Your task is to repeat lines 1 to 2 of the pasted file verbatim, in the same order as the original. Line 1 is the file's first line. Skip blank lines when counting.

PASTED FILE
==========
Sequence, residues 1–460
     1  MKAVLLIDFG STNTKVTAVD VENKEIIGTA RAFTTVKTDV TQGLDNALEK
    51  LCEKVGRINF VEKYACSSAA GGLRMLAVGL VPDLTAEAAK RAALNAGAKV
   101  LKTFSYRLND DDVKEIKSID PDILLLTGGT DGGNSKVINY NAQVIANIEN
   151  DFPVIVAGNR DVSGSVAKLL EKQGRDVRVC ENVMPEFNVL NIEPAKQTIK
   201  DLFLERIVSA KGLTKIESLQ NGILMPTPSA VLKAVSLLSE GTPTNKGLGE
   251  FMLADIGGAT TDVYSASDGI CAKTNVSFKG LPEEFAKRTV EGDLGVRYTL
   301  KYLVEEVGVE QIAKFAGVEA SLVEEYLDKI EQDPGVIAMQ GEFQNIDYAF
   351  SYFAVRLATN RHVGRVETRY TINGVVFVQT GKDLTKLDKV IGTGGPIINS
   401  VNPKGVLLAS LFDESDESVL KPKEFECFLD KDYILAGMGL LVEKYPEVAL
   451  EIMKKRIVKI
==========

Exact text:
Sequence, residues 1–460
     1  MKAVLLIDFG STNTKVTAVD VENKEIIGTA RAFTTVKTDV TQGLDNALEK